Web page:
God on the 50 Yard Line

Newsweek/August 17, 1998
By Beth Dickey

The National Football League has learned that when it comes to players' off-field activities, there is no such thing as good news.

Like its pro brethren, the NFL has suffered through a spate of embarrassing incidents, including drug and alcohol abuse, serial paternity suits, and assaults on women. Which goes a long way to explaining why NFL teams can be hypersensitive to even the appearance of improprieties.

Which still doesn't explain why the Chicago Bears and Jacksonville Jaguars have asked the league to look into its players' ties to-warning, the following may be unsuitable for young readers-a group of Christians.

Though neither the league nor the teams will officially confirm it (and Jacksonville denies making any request), the NFL is checking out Champions for Christ (CFC), a 13-year-old Austin, Texas, church group that ministers to athletes.

The CFC advocates a devout Christian lifestyle, including abstinence from alcohol. It has close ties to a number of prominent players, including Jacksonville's star quarterback, Mark Brunell, and its Pro Bowl tackle, Tony Boselli, as well as Chicago's top draft pick, Penn State running back Curtis Enis.

"Love to see 'em, love to meet 'em," says CFC founder Greg Ball of the NFL. "But I think the last thing the NFL wants to do is go investigating ministries - and especially one that is this clean."

The concerns with CFC are, naturally, less about God than about money. The Bears apparently weren't too worried when they made Enis the fifth pick in the entire draft, despite the fact that he was kicked off his college team for illegally accepting a $1000 suite from an agent and lying about it. Enis was also recently accused of sexual assault; he denies the charge, and Dallas prosecutors say the case is likely to be dropped for lack of evidence.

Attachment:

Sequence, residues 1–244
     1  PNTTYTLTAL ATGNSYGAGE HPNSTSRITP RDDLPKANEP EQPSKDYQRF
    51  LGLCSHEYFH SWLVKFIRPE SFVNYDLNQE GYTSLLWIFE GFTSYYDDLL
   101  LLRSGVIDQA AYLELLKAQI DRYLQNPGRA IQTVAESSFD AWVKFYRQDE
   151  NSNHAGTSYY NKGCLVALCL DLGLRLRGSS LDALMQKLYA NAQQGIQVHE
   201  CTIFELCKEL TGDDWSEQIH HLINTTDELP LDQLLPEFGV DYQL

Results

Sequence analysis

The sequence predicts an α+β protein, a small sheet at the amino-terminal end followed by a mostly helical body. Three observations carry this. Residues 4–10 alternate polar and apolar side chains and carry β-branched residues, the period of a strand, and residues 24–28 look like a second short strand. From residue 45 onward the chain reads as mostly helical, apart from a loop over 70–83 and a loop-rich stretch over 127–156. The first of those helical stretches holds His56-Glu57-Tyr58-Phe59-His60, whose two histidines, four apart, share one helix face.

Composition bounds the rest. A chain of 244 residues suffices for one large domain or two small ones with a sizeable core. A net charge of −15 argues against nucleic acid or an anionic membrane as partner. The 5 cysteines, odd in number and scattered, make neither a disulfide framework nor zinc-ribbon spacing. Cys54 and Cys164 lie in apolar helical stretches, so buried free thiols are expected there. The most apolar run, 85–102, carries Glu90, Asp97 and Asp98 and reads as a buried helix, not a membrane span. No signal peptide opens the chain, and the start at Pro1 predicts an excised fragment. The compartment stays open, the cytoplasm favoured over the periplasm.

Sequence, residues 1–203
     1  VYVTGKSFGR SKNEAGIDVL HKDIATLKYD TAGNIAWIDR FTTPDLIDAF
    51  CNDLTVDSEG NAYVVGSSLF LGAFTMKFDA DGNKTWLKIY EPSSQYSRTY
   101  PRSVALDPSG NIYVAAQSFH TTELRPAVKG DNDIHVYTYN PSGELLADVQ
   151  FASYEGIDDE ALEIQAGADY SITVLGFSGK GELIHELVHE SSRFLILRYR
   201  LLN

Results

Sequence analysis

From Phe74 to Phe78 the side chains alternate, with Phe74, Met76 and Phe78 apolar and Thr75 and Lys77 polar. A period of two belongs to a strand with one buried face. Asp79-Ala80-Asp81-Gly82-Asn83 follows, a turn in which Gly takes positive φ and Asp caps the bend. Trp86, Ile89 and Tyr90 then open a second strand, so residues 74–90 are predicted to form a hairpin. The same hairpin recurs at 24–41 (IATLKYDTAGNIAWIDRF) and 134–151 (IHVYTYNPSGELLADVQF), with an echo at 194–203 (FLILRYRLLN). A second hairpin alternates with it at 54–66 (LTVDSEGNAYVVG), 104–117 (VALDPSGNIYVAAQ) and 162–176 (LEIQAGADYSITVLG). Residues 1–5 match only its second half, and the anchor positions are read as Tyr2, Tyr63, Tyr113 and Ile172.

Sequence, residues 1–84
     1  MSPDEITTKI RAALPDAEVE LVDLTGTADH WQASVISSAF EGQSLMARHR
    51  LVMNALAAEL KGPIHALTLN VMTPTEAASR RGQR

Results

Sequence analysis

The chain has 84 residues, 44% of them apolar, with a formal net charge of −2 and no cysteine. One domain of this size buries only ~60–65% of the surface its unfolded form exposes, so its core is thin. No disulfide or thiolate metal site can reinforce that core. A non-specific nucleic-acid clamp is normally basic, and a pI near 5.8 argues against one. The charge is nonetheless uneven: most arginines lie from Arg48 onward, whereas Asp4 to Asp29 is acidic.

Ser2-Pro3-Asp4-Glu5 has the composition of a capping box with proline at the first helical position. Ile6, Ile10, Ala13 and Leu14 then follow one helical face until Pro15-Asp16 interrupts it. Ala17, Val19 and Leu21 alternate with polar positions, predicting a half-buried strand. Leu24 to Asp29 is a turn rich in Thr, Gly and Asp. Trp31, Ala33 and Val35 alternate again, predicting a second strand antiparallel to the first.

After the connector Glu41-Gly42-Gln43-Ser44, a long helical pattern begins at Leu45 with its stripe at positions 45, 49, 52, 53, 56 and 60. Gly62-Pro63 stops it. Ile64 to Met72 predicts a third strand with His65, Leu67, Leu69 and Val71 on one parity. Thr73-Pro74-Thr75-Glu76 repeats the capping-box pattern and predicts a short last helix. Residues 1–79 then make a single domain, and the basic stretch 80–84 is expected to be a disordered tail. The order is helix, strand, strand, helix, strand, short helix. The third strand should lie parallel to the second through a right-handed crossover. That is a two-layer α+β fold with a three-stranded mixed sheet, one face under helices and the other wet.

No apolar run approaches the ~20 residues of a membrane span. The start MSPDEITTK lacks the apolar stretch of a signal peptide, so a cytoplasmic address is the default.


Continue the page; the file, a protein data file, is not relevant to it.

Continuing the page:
But it was when Enis found God and the CFC that things got complicated. He dumped his agent mid-negotiation with Chicago and turned matters over to a new adviser, who is a longtime friend and occasional business associate of the CFC's Ball.

Many of the charges about an unholy alliance emanate from Team Sports in Dallas, Enis's previous rep. One Team Sports agent, Bill Blakeley, said that in dismissing his old agents, Enis called them "heathens', "We mothered him and we did everything in the world to help, and all of a sudden we're a bunch of sinners," said Blakeley. "I'm concerned for Curt and for any player involved in this group."

Ball says he conducts his ministry exclusively for athletes because of their power as role models. But he denies exerting any excessive control over Enis-"ludicrous.an absolute joke"-or the financial affairs of his flock. He points out that NBA veteran A. C. Green, a CFC vice president, has a Jewish agent.

Several NFL members insist the CFC has no financial requirements. But they say they voluntarily tithe, "I've never been asked by anyone at Champions for money," says Boselli. "I give because I want to."

The CFC players concede that there may be some discomfort with their fervor among teammates.

Brunell says he made a mistake when he slipped notices of a prayer meeting into the lockers of all his teammates. "I didn't mean to offend anybody," he said. "But if someone cusses and parties, I don't have any problem."

The Bears, though, now have a problem with their running game. Negotiations with Enis have stalled over several matters, including questions he reportedly raised about playing on Sunday. Enis told NEWSWEEK the CFC is "a positive thing in my life," adding, "The Lord is really testing me."

In the meantime, the Bears last week signed veteran running back Barn Morris, who served time in prison for marijuana possession and has twice been suspended by the NFL for substance-abuse violations. Nobody seemed too concerned about that.

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